Khuddaka Nikaya


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Udāna
4 5: Nāga Suttaṃ

The Bull Elephant

Translated from the Pali by Thanissaro Bhikkhu.
For free distribution only.

 


 

[IV-5.1][irel] I have heard that on one occasion the Blessed One was staying near Kosambī at Kosita's monastery. And on that occasion the Blessed One lived hemmed in with monks, nuns, male and female lay followers, kings, royal ministers, sectarians, and their disciples. Hemmed in, he lived unpleasantly and not in ease. The thought occurred to him: "I now live hemmed in by monks, nuns, male and female lay followers, kings, royal ministers, sectarians, and their disciples. Hemmed in, I live unpleasantly and not in ease. What if I were to live alone, apart from the crowd?"

So, early in the morning, the Blessed One adjusted his under robe and — carrying his bowl and robes — went into Kosambī for alms. Then, having gone for alms in Kosambī, after the meal, returning from his alms round, he set his own lodgings in order and, carrying his bowl and robes, without telling his attendant, without informing the community of monks — alone and without a companion — left on a wandering tour toward Palileyyaka. After wandering by stages, he reached Palileyyaka. There he stayed in Palileyyaka in the protected forest grove at the root of the auspicious sal tree.

It so happened that a certain bull elephant was living hemmed in by elephants, cow-elephants, calf-elephants, and baby elephants. He fed off grass with cut-off tips. They chewed up his stash of broken-off branches. He drank disturbed water. And when he came up from his bathing-place, cow-elephants went along, banging up against his body. Hemmed in, he lived unpleasantly and not in ease. The thought occurred to him: "I now live hemmed in by elephants, cow-elephants, calf-elephants, and baby elephants. I feed off grass with cut-off tips. They chew up my stash of broken-off branches. I drink disturbed water. And when I come up from my bathing place, cow-elephants go along, banging up against my body. Hemmed in, I live unpleasantly and not in ease. What if I were to live alone, apart from the crowd?"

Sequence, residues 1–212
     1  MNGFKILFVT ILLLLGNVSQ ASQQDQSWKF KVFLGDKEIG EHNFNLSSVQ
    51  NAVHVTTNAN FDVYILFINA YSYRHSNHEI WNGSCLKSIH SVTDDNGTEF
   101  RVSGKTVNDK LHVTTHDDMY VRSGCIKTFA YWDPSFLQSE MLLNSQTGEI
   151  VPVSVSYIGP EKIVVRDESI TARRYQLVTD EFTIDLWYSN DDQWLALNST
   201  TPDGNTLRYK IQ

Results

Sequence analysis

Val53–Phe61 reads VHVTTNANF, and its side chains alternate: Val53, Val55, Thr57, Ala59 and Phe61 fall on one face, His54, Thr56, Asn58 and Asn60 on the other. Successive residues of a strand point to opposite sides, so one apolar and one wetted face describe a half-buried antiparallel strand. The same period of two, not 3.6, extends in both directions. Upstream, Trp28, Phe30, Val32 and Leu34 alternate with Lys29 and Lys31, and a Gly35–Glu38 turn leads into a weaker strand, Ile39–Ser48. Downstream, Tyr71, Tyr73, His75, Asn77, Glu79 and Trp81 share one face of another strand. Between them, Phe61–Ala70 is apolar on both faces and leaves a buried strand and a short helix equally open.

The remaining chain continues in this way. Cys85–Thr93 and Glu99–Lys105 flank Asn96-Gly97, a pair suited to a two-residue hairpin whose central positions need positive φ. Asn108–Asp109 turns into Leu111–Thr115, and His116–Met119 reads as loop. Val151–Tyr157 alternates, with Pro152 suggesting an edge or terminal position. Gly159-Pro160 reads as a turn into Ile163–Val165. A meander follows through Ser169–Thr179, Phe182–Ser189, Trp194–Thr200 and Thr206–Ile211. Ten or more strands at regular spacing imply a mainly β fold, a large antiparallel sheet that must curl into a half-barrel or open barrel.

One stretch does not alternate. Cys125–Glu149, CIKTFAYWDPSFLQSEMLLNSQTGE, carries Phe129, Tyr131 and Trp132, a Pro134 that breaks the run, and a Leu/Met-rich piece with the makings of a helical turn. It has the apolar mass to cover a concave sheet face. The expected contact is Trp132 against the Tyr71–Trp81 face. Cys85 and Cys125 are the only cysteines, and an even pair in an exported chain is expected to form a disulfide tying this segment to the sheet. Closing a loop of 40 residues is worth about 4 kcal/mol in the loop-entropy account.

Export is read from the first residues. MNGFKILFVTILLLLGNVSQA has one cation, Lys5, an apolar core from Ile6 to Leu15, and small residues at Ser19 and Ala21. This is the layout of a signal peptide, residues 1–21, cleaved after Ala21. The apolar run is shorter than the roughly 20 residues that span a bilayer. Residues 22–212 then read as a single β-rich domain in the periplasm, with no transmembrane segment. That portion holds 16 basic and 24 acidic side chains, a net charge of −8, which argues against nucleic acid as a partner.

So the bull elephant, leaving the herd, went to Palileyyaka, to the protected forest grove and the root of the auspicious sal tree — to where the Blessed One was staying. There he kept the grass down in the area where the Blessed One was staying, and brought drinking water and washing water for the Blessed One with his trunk.

Then, when the Blessed One was alone in seclusion, this train of thought appeared to his awareness: "Before, I lived hemmed in by monks, nuns, male and female lay followers, kings, royal ministers, sectarians, and their disciples. Hemmed in, I lived unpleasantly and not in ease. But now I live not hemmed in by monks, nuns, male and female lay followers, kings, royal ministers, sectarians, and their disciples. Not hemmed in, I live pleasantly and in ease."

And this train of thought appeared to the awareness of the bull elephant, "Before, I lived hemmed in by elephants, cow-elephants, calf-elephants, and baby elephants. I fed off grass with cut-off tips. They chewed up my stash of broken-off branches. I drank disturbed water. And when I came up from my bathing place, cow-elephants went along, banging up against my body. Hemmed in, I lived unpleasantly and not in ease. But now I live not hemmed in by elephants, cow-elephants, calf-elephants, and baby elephants. I feed off grass with uncut tips. They don't chew up my stash of broken-off branches. I drink undisturbed water. When I come up from my bathing place, cow-elephants don't go along, banging up against my body. Not hemmed in, I live pleasantly and in ease."[1]

Then the Blessed One, realizing his own seclusion and knowing the train of thought in the bull elephant's awareness, on that occasion exclaimed:

This
harmonizes
mind with mind —
the great one's with the great one's[2]
the elephant with tusks like chariot poles:
that each finds joy,
alone,
in the forest.

 


[1] Mv.X.4.6-7 places the story of the elephant's service to the Buddha in the context of the quarrel at Kosambī, but the details of how the Buddha left Kosambī given in Mv.X.3 are different.

[2] Great one = nāga. This term can mean magical serpent or large elephant, and is often used as an epithet for an arahant.

 


 

References:
See also: AN 9.40.


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